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Compensate evicted families, Shurugwi chiefs tell army

CHIEFS in Shurugwi are demanding that the Zimbabwe National Army (ZNA) compensates over 200 families they evicted from Lazy Nine Farm under Chief Banga two years ago.

BY ALLIEWAY NYONI CHIEFS in Shurugwi are demanding that the Zimbabwe National Army (ZNA) compensates over 200 families they evicted from Lazy Nine Farm under Chief Banga two years ago.

The army gave a short notice that Lazy Nine Farm was a military protected area, where military training through use of live ammunition was conducted, which could expose the public and their livestock to danger.

The ZNA then forcefully evicted over 200 families within 12 days.

Villagers incurred huge losses in property and livestock.

Efforts to stop the evictions were fruitless as Chief Banga, then Midlands Provincial Affairs minister Jason Machaya and the district development co-ordinator (former district administrator) Reason Machiya failed to reach a consensus with ZNA as it insisted on the evictions using a notice signed by 5 Infantry Brigade Commander, a G Chitsva.

Speaking to Southern Eye, Chief Banga said the manner in which the eviction was conducted led his people to lose property and livestock as they sought for shelter elsewhere and feared being shot if found on the farm.

Lazy Nine Farm was occupied by villagers from Banga, Gato, Mushwe, Mufiri and Bera areas.

The farm demarcates Chivi North, Shurugwi and Zvishavane.

Chief Banga said he had already engaged the Shurugwi district administrator to notify the army that his people want compensation for loss of land and property.

“I have engaged chiefs Nhema and Mupakame to write a petition to the army seeking compensation for the loss my people suffered two years back. Some people up to now do not even have proper shelter and some do not even have farming land where they relocated,” Chief Banga said.

Chief Nhema said the evictees own the land.

“The army must compensate these families. The families are the true custodians of Lazy Nine Farm after they were first evicted from their ancestral land in 1978 by white settlers, who took the land for cattle ranching,” he said.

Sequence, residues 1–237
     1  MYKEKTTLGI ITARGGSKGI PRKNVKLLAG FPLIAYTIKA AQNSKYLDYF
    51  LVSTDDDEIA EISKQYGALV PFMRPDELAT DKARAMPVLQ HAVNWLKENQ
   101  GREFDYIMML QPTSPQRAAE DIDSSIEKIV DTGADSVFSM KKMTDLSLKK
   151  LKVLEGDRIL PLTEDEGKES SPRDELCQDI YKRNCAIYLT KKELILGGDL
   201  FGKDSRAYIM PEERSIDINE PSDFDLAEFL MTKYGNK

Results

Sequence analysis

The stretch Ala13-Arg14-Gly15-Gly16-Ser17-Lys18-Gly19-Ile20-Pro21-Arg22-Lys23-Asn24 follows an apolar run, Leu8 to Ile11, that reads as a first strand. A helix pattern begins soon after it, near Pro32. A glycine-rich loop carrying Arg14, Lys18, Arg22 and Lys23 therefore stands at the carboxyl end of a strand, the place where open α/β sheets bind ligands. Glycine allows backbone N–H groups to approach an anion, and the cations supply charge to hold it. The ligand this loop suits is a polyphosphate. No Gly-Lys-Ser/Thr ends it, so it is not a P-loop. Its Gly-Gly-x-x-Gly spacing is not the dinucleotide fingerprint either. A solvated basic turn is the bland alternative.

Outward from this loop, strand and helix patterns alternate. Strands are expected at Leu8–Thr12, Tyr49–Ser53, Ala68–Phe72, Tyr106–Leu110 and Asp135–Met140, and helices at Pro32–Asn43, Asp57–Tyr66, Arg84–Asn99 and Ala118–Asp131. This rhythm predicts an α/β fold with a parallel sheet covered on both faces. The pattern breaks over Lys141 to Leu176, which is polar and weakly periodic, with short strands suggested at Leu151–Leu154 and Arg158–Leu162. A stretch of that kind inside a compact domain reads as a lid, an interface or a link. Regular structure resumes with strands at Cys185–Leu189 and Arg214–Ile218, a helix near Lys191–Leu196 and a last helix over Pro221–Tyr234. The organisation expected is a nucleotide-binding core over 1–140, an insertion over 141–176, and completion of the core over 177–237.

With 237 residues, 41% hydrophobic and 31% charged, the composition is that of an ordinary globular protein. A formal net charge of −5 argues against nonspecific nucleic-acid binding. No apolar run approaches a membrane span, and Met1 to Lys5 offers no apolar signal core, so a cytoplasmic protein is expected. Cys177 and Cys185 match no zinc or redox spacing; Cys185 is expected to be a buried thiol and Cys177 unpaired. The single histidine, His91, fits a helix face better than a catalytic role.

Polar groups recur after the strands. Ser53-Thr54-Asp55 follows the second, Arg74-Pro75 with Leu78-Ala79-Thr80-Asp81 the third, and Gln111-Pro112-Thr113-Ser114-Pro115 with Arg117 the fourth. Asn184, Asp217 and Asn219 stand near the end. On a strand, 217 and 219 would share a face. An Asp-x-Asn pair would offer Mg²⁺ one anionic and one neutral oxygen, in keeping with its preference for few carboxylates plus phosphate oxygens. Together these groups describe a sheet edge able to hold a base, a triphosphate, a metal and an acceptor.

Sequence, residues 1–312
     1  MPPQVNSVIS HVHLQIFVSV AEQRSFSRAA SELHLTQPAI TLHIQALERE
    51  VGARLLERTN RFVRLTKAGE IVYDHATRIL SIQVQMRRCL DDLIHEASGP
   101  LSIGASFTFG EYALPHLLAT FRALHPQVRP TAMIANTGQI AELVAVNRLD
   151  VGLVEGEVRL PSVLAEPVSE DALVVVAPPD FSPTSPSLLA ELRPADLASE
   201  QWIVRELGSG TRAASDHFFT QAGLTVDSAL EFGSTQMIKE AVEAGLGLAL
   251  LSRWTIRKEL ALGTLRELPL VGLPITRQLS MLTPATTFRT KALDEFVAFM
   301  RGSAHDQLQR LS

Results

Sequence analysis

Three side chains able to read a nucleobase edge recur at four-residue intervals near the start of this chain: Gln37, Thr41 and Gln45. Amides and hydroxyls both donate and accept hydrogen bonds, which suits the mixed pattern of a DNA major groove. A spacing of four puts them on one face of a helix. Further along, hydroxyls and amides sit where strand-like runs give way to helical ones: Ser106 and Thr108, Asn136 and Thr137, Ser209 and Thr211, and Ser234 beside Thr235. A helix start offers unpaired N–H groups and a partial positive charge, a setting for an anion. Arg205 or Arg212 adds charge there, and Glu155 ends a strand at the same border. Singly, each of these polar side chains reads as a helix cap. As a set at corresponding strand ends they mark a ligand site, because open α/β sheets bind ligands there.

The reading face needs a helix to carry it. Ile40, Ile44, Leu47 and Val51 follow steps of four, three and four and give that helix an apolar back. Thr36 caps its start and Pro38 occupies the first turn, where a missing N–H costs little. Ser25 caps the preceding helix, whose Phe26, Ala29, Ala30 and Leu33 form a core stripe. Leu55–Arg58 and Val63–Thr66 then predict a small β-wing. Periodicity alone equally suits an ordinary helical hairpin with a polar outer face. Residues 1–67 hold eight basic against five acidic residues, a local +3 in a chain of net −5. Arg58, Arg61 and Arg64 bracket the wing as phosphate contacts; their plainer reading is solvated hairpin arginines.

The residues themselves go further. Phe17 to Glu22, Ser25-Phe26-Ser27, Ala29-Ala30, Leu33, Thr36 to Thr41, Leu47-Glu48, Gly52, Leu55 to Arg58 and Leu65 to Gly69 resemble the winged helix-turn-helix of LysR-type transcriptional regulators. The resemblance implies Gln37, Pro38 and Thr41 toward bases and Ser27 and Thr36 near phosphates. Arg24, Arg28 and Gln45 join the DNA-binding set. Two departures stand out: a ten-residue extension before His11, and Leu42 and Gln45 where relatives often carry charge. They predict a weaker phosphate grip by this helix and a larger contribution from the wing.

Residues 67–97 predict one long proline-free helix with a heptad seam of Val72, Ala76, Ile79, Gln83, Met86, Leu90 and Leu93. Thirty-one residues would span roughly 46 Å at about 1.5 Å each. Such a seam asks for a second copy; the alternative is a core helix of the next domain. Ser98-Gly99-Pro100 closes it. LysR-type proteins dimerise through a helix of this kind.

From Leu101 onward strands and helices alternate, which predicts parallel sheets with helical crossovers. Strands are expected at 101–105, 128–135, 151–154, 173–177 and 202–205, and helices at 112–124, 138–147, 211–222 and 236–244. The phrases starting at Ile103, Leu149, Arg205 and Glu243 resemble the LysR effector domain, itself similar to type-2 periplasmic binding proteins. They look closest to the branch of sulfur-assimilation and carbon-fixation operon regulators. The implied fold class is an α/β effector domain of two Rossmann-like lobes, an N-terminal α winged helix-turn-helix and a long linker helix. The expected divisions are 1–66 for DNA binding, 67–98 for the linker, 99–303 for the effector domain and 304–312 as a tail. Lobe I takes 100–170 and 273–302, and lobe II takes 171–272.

“In 1997, the villagers engaged government and they were given back their land. Later, the army came in using the other side of the farm.”

Midlands provincial development co-ordinator (formerly provincial administrator) Abiot Maronge distanced himself from the matter, stating that everything concerning Lazy Nine Farm evictions was in the hands of the army.

“This case is in the hands of the army. My office is also waiting to hear from the army,” he said.

Angry villagers said they were still counting losses caused by the untimely evictions.

Efforts to get an official comment from the army were fruitless, with Defence minister Oppah Muchinguri referring all questions to Zimbabwe National Army spokesperson Lieutenant Colonel Alphios Makotore, whose phone was not reachable.

Human rights activist and Midlands Senator Lillian Timveos said there was need for an urgent response from both the army and government in facilitating a resettlement programme and compensation to the affected families.

“The said land belonged to them initially, hence all parties involved must quickly come up with a good resettlement programme with good compensation. Human rights are key fundamentals in a democratic State,” she said.

One of the displaced villagers, Ronald Mukuku, who relocated to Mukandapi area, said he lost a four-roomed house he had just finished building using his pension funds.

“They (army) must pay us all our losses. I am in pain becuasue all my pension money went down the drain. I left my homestead in a matter of days weeks after completing building my four-roomed house,” he said.

The army also recently evicted hundreds of villagers from Gutu-Mpandawana’s western part without any compensation, claiming it was a protected area.